Newly Developed Same-Nested PCR Method May Help Answer HPV Vaccine Safety

TROY, MONTANA  – SaneVax Inc. announces the development of a new PCR methodology described in “Detection of human papillomavirus L1 gene DNA fragments in post-mortem blood and spleen after Gardasil® vaccination – A case report,” authored by Dr. Sin Hang Lee of Milford Hospital, Connecticut. This method may provide a way for concerned scientists to determine whether or not HPV vaccines are linked to serious adverse events and death. The study undertaken to develop this method was commissioned and sponsored by SaneVax Inc. for a future payment not to exceed one US dollar, as disclosed in the article.

According to the open access article published in Advances in Bioscience and Biotechnology, Dr. Lee used a low temperature nested PCR catalyzed by a highly processive DNA polymerase with proof-reading function to detect minute quantities of HPV-16 L1 gene DNA in post-mortem blood and spleen tissue obtained during the autopsy of a formerly healthy New Zealand girl who suffered sudden unexpected death while sleeping six months after completing the series of 3 intramuscular injections of the quadrivalent HPV vaccine, Gardasil®. The HPV DNA amplicon was validated by direct DNA sequencing.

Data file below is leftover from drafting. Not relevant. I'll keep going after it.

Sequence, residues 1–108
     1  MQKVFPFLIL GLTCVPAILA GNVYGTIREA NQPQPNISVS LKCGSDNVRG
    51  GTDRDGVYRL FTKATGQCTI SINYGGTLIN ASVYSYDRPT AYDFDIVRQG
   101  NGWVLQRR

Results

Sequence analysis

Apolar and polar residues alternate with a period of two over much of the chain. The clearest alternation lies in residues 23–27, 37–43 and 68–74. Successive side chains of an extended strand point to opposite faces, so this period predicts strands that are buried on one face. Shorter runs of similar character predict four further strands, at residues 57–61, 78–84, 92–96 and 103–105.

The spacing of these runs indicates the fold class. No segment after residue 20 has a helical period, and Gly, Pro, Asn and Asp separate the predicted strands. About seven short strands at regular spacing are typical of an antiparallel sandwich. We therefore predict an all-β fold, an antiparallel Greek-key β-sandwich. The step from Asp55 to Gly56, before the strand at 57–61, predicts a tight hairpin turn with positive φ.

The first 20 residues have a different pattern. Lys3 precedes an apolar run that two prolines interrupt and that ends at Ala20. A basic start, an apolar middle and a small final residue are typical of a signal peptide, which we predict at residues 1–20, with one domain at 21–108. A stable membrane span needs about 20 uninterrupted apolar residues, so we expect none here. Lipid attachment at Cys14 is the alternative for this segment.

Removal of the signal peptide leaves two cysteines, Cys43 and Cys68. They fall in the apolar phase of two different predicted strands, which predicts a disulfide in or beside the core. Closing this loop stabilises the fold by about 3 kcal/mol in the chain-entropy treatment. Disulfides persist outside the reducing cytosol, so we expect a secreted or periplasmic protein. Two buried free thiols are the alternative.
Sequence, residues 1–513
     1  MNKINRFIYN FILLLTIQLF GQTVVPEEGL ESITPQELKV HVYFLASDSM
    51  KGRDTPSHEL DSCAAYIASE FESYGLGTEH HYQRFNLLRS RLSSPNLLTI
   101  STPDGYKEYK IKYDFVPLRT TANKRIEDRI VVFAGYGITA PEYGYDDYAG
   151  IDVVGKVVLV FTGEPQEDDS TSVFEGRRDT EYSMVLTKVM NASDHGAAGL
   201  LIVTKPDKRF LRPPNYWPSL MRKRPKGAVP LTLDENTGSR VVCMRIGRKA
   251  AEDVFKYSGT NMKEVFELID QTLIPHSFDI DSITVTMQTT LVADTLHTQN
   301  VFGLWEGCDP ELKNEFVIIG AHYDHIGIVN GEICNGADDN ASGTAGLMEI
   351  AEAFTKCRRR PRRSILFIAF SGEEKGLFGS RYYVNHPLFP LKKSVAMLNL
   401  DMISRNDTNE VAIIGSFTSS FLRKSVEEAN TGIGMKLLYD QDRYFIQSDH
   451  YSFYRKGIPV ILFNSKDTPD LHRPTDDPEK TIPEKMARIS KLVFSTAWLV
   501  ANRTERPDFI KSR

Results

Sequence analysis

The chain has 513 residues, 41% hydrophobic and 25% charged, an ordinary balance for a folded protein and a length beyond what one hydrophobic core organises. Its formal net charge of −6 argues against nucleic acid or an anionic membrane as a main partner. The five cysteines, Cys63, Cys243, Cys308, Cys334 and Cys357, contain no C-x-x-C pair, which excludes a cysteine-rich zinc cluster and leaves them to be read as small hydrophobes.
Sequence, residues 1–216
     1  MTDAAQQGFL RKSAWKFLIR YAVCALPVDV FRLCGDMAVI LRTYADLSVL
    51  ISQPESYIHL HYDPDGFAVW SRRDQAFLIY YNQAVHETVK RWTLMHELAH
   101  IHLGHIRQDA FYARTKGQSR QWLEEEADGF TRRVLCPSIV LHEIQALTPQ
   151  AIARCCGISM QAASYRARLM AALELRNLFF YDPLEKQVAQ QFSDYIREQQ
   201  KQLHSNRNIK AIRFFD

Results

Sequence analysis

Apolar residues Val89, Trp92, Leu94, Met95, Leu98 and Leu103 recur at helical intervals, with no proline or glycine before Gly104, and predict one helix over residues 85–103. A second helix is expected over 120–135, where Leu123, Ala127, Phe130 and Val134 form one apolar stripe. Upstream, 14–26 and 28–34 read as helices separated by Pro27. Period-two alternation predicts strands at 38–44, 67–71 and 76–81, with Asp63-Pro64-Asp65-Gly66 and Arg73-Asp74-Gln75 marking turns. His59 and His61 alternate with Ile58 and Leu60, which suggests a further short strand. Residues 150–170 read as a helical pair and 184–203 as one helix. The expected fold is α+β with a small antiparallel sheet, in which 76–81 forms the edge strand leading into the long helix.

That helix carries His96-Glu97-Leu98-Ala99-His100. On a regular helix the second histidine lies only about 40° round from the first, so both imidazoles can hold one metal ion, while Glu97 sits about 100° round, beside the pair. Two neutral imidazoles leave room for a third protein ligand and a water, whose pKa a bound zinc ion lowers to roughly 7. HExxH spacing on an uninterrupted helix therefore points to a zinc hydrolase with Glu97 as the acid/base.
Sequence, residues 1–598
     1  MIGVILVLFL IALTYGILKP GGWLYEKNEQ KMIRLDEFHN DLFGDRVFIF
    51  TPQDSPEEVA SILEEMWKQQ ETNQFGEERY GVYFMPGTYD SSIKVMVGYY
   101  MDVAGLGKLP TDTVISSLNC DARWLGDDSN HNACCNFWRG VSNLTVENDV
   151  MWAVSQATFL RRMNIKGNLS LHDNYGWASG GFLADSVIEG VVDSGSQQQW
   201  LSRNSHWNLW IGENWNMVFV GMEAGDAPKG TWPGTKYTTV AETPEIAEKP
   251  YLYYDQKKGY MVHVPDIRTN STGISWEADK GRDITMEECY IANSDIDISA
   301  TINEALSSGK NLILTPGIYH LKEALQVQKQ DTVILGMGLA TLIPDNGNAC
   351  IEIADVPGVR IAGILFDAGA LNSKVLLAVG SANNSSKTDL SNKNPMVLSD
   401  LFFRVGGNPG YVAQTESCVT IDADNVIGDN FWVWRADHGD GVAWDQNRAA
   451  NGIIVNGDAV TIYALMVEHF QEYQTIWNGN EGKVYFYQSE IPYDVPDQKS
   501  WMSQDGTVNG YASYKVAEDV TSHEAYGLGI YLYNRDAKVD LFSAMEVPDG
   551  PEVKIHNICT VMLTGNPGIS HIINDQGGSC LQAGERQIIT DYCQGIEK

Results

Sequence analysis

As Dr. Lee explained in his article, “In same-nested PCR, the primary PCR and the subsequent same-nested PCR(s) were conducted with an identical pair of PCR primers, or the subsequent same-nested PCR was conducted with a pair of the same primers having a few new bases added to the 3’ end for one or for both of the primers which had been used in the prior PCR. As a result, all same-nested PCR products were terminated by the first pair of PCR primers used to initiate the primary PCR. The same-nested PCR protocol was found to be necessary to amplify the HPV-16 L1 gene DNA fragments in the post-mortem materials in this case and the HPV-16 L1 gene fragments in the Gardasil® vaccine.”

In conclusion, Dr. Lee stated, “Detection of HPV-16 L1 gene DNA fragments in non-B-conformation in post-mortem blood and spleen from a person who died suddenly and unexpectedly 6 months after quadrivalent HPV vaccination has not been previously reported and warrants further investigation.”

The SaneVax team wholeheartedly agrees further investigation is warranted. Ms Erickson states, “Hopefully, publication of the complete methodology will encourage other concerned scientists to investigate whether a link exists between the persistence of HPV DNA fragments and adverse reactions in HPV vaccine recipients.”

Dr. Lee stated in another recent publication that Gardasil® does contain recombinant HPV L1 gene DNA fragments, a fact confirmed by the FDA (Food and Drug Administration).

This methodology can be used to test blood samples from any patient. In the interest of safe vaccination practices, the SaneVax Team believes the FDA should order the National Cancer Institute, the patent holders and developers of HPV vaccines, and HPV vaccine manufacturers to conduct more research to determine the impact of injected viral gene DNA fragments on the health of those who have been vaccinated against HPV.

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